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Shelling on Caladesi Island in Florida
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11 thoughts on “Shelling on Caladesi Island in Florida

  1. For the best opportunity to find whole sand dollars go to the north beach area of Ft. DeSoto. Brought back 24 in a variety of sizes and 5 beautiful olive shell. Also saw 2 live olives and pitched them back into the deeper water. P.s. love Caldesia also.

  2. Actually, if you have a valid Florida fishing license, the only county that it’s illegal to keep “live shells” is Lee County. Each person is allowed a bag limit of 20 organisms per day, however, no more than 5 per species may be taken.
    This regulation is located under shellfish.
    It is listed along with oysters and scallops BUT, their bag limits are different, respectively.

  3. We went to Caladesi island a week ago, it was beautiful! The weather wasn’t the best so we got there later than we wanted to, and therefore didn’t have as much time to explore as we would’ve liked. We headed north and walked the beach on the east side. But I wondered how the west side is? Any advice or preference on the best places on Caladesi?

    1. There really is no bad beach on Caladesi Island. To find the best shells, walk north or south on the beach once you exit the ferry dock. Since it’s a mostly undeveloped island, you’ll find even more shells farther away from people and lots of space to relax. The beaches can get narrow during high tide but otherwise there isn’t a bad location there.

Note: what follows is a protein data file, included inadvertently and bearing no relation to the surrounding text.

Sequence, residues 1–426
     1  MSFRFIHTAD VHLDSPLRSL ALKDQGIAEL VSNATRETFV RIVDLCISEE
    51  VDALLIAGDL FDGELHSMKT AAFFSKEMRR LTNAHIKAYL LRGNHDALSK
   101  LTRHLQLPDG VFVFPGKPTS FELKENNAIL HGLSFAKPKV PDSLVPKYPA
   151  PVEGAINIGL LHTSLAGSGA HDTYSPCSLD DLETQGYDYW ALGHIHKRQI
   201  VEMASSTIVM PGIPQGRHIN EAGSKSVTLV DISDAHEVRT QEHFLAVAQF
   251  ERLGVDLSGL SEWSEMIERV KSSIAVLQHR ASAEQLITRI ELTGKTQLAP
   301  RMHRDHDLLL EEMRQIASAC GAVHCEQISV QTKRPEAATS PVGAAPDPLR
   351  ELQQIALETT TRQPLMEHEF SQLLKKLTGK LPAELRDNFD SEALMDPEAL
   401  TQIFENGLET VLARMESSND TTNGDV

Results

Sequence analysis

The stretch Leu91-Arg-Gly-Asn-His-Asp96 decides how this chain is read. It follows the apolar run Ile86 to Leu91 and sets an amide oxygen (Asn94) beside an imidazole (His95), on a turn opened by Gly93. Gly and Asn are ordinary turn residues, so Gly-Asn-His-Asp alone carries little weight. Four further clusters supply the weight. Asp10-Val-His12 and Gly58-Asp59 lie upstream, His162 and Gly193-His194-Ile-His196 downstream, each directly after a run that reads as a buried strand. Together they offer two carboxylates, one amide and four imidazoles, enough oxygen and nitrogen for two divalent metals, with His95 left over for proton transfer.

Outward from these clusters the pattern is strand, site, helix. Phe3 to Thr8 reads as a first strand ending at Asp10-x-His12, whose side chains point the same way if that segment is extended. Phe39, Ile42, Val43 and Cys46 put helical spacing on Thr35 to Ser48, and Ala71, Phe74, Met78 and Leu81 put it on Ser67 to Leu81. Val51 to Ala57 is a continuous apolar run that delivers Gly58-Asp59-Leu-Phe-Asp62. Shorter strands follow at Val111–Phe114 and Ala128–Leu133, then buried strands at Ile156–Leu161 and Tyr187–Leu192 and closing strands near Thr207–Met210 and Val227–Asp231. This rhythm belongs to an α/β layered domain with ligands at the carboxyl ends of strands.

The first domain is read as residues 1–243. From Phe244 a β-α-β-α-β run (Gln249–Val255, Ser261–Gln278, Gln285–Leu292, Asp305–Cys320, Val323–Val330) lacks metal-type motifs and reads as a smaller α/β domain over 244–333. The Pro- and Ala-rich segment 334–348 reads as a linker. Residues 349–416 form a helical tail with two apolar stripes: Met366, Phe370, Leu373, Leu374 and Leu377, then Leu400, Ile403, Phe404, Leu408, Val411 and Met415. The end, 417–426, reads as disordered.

4. Low tide is around 5:30 am but the ferry doesn’t start until 9:00am. Is it better kayak to get there early or are there still good shells at 9:00am?

    1. Hi Lynn – my local contacts tell me there are plenty of shells at any time of the day. And yes, the earlier the better.

  5. Just a clarification, never throw a live shell into deeper water. Throwing it could injury over even kill the inhabitant. Take it out to deeper water and gently place it back on the ocean floor.

  6. Thanks for the info. We FINALLY made it to Calidisa last year. We took the ferry. I wanted to get to the stunning sandbar in the tour books. Unfortunately…my knee hadn’t been replaced yet, so I couldn’t walk that far. It extremely windy and the sea was choppy and stirred up. Shelling in the surf that day was impossible. We even shook the seaweed on the shore to try finding treasure. We didn’t find anything that I can remember except sponges. An awesome horseshoe crab, but I could never got it home without breaking it. We enjoyed being on the ocean in the trip over. The gulls and pipers were entertaining and it is a beautiful beach to chill on. I hope to try again this year and was wondering if there was a better place to look? My husband and I were crazy shellers. Like two children on a treasure hunt. We lost him a couple of weeks ago, but he still wanted us to go back and remember his life on the beach. He’ll be there pointing out anything I miss. It makes me laugh when people say there are NO shells on the beach. They are there it just takes a lot of work to find them. Lol! They won’t jump up into your hand. That was a RARE trip for us not to find shells. It was to choppy to snorkel, but it was just another characteristic of the sea.